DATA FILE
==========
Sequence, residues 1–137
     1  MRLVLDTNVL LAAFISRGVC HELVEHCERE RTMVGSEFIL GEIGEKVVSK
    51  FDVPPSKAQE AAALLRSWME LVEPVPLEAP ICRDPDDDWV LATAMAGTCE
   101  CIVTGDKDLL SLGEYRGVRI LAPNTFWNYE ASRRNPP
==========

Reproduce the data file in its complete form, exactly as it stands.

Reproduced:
Sequence, residues 1–137
     1  MRLVLDTNVL LAAFISRGVC HELVEHCERE RTMVGSEFIL GEIGEKVVSK
    51  FDVPPSKAQE AAALLRSWME LVEPVPLEAP ICRDPDDDWV LATAMAGTCE
   101  CIVTGDKDLL SLGEYRGVRI LAPNTFWNYE ASRRNPP